# A disk 8.0 cm in diameter is initially at rest. A small dot is painted

1. Nov 14, 2004

### guru

A disk 8.0 cm in diameter is initially at rest. A small dot is painted on the edge of the disk. The disk accelerates at $$600rad/s^2$$ for .5s, then coasts at a steady angular velocity for another .5s.
What is the speed of the dot at t = 1 s?
Through how many revolutions has it turned?

I approached the first question by drawing a graph of the angular acceleration Vs. time. I then obtained the angular velocity by finding the area under the graph.
I then used the formula V=rw to get the speed.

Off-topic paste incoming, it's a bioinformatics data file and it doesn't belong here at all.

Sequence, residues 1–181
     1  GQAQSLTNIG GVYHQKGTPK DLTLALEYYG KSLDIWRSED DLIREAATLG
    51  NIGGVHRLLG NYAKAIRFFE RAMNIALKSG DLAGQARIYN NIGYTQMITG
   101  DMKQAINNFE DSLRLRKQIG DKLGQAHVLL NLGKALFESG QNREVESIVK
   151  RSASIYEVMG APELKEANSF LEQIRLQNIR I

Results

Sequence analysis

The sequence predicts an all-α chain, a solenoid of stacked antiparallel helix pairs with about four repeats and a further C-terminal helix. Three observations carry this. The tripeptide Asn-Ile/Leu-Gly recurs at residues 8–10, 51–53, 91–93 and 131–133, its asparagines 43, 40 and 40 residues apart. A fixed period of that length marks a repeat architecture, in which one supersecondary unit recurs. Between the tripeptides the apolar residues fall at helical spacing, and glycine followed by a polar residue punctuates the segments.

I obtained 24m/s as my final result.

Is this reasonable?

Last edited: Nov 14, 2004
2. Nov 15, 2004

### James R

For constant angular acceleration:

$$\omega = \omega_0 + \alpha t$$
$$\theta = \theta_0 + \omega_0 t + (1/2)\alpha t^2$$

3. Nov 15, 2004

### HallsofIvy

Staff Emeritus
Your graph of the angular acceleration should be a horizontal straight line so the area under it is just the area of a rectangle: the length of the segment on the "t" axis is 0.5 seconds and the height is 600 rad/s2. That's exactly the same as multiplying (0.5 s)(600 rad/s2)= 300 rad/s. "Graphing" works, but seems unecessary to me.
To get the speed of the dot, note that at 300 rad/s it completes 300/(2pi) revolutions per second and each revolution has length 2pi(8) cm: the dot completes 300(8)= 2400 cm per second, exactly what you did.

To get the number of revolutions completed you will need the second formula James R gave for the first 0.5 second, then add 150/2pi revolutions for the second 0.5 second.